So what is a Laser, really?
J. L. Doty
copyright © 2009–2016 by J. L. Doty
released: June 10, 2016
The acronym LASER stands for Light Amplification by Stimulated Emission of Radiation. Simply put, a laser is just a light bulb, but less, and more. An incandescent bulb generates light by using electricity to heat up a tungsten filament, not unlike heating a piece of metal until it’s red hot. But a tungsten filament is much hotter, so it radiates at much shorter wavelengths. That’s why the light it emits appears almost white. In a sense, a laser is nothing more than a light bulb, because both generate light (electromagnetic radiation), and once the light leaves either type of source, it’s just light.
To understand how a laser works, consider the analogy of a speaker system as depicted below:
Figure 1. Speaker system
Here we have a microphone, amplifier and speaker. Sound goes into the microphone where it is converted to an electrical signal, which is amplified by the amplifier, then converted back to even more sound by the speaker. Now we all know what happens if we do something like this:
Figure 2. Acoustic oscillator
We get a very loud, screeching noise that can be quite irritating. From an engineering standpoint, this is a positive feedback loop that’s oscillating in an uncontrolled fashion: sound goes into the microphone, more sound comes out of the speaker and goes into the microphone, even more sound comes out of the speaker, ad infinitum. Positive feedback is a good thing in rearing children and in interpersonal relationships, but in engineering it can be disastrous. On the other hand, electronic oscillators are used to generate the timing in wrist watches, and there are several in a modern PC to control timing, processor events, memory access, etc. So sometimes we want an oscillator, but we need to control it carefully.
There are two things wrong with the uncontrolled acoustic oscillator above:
- it’s irritatingly loud, a problem that can be solved easily by limiting the output of the amplifier, and
- the output is loaded with harmonics.
The figure below depicts two clean, pure waveforms.
Figure 3. Pure waveforms, fundamental and 3rd harmonic.
The upper waveform is referred to as the fundamental frequency, while the lower has a frequency three times that of the fundamental, and a wavelength one third that of the fundamental, so the lower one is referred to as the third harmonic. When the two are combined, we get:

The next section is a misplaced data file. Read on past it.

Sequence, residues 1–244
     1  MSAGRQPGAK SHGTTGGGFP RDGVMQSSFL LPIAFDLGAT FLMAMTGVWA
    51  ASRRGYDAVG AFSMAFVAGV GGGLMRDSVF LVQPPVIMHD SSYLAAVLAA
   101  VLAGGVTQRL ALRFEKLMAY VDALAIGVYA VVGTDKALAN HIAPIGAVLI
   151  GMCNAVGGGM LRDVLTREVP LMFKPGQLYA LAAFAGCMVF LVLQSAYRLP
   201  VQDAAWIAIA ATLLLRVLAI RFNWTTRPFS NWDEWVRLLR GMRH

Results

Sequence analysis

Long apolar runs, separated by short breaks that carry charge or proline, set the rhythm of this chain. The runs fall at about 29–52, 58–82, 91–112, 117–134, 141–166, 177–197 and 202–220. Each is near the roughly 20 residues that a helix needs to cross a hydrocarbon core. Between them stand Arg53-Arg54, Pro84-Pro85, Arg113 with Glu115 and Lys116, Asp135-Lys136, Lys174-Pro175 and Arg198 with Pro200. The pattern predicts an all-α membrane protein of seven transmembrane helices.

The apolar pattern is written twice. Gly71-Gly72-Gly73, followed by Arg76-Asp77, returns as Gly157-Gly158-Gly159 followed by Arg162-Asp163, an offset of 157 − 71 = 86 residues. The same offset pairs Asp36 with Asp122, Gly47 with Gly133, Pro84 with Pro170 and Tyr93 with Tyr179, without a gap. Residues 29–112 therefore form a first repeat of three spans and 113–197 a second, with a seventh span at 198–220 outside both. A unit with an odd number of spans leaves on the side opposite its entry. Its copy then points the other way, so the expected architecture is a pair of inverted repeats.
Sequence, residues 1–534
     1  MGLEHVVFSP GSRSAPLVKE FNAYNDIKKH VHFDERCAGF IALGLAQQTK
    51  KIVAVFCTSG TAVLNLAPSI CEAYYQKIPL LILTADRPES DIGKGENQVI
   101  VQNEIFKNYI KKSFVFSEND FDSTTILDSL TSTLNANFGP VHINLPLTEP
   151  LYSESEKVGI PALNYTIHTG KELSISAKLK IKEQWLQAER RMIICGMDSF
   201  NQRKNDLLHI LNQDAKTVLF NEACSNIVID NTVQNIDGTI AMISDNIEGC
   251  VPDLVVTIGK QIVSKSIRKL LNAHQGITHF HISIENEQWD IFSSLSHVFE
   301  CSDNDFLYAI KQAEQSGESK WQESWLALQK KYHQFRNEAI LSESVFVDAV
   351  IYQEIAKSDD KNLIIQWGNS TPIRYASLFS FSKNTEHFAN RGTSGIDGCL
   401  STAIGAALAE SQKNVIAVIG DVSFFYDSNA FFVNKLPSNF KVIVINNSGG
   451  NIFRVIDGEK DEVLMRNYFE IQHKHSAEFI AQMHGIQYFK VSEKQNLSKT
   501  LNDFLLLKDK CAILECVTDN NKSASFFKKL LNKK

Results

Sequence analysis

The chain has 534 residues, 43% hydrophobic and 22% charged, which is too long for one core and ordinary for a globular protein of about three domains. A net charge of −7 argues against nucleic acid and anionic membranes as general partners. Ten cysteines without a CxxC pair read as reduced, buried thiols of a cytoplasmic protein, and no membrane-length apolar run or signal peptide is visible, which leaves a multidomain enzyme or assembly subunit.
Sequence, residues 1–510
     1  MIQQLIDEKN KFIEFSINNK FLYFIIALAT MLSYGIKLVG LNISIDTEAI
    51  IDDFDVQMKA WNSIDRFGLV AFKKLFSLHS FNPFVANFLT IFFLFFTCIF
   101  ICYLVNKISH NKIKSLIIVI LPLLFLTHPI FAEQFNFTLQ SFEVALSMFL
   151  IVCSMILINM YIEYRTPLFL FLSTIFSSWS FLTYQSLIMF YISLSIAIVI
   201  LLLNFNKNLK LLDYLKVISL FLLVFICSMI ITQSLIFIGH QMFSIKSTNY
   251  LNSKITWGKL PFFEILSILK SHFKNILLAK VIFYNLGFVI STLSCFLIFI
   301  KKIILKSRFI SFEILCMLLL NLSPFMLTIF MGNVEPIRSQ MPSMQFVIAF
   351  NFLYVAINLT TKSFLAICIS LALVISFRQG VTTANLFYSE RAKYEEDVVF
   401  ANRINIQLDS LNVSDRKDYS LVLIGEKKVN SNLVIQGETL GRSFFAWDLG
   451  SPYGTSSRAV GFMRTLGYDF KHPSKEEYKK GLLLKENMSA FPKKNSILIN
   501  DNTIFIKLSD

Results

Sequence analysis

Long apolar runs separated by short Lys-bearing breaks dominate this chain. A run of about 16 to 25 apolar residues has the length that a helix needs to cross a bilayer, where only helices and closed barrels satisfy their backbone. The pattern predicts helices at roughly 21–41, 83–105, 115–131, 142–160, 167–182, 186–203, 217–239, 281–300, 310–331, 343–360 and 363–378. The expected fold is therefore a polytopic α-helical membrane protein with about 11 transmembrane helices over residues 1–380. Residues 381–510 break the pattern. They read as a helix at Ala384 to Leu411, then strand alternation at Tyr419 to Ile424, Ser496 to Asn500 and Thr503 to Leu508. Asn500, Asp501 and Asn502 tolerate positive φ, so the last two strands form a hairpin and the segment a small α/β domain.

Figure 4. Combined fundamental and 3rd harmonic.
This waveform contains a combination of the fundamental and the third harmonic. In fact, the screeching sound coming out of the speaker contains the fundamental and a whole series of odd harmonics: 3rd, 5th, 7th, etc. It’s these harmonics that make the difference between the pure tone one hears from a tuning fork, and that emitted by our uncontrolled oscillator. So for a nicely controlled oscillator, we must limit the frequencies at which the system is allowed to oscillate.
A laser is simply an electromagnetic oscillator, but where our uncontrolled acoustic oscillator is emitting sound frequencies in the range of 20–20,000 Hz, a laser emits light frequencies in the neighborhood of 600,000,000,000,000 Hz, or 6 x 1014 Hz.
To make a laser we need to induce positive feedback in an optical amplifier, just as we induced positive feedback in the acoustically amplified system. The figure below illustrates the concept of an optical amplifier:
Figure 5. Conceptual optical amplifier
Optical amplifiers are bidirectional, meaning that when light enters either end, more light comes out the other. Feedback is created by putting mirrors at both ends of the amplifier to reflect the amplified light back into it, as in the illustration below.
Figure 6. Conceptual optical oscillator (laser).
The mirrors are a resonant cavity for electromagnetic radiation at optical frequencies. The pipes on a pipe organ are a simple example of acoustic resonant cavities. The large pipes resonate at lower frequencies, and the small pipes at higher frequencies, limiting the frequencies that can be emitted by any single cavity. The mirrors in a laser do the same, and are an important element in controlling the oscillation frequency of the device.
If both mirrors are fully reflecting, then all of the light is trapped inside the laser cavity and there is none coming out of it to make use of. Hence, we make one of the mirrors partially-reflecting so we can tap some of the energy out of the cavity. We laser geeks have really fancy names for these mirrors, like rear mirror and front mirror. The front mirror is also referred to as the output coupler.
Note that the two mirrors must be aligned parallel to each other to within a tiny fraction of an arc-second, and if they drift about with changes in room temperature, or other environmental factors, the laser won’t operate, or its output power will fluctuate wildly. This mechanical constraint is almost always a serious factor in the cost of a commercial laser system.
Interestingly enough, the optical amplifier by itself produces Light Amplification by Stimulated Emission of Radiation, but without the mirrors for feedback we don’t have oscillation, which means we don’t have the device we call a laser. Hence, a more appropriate acronym might be Light Oscillation by Stimulated Emission of Radiation, or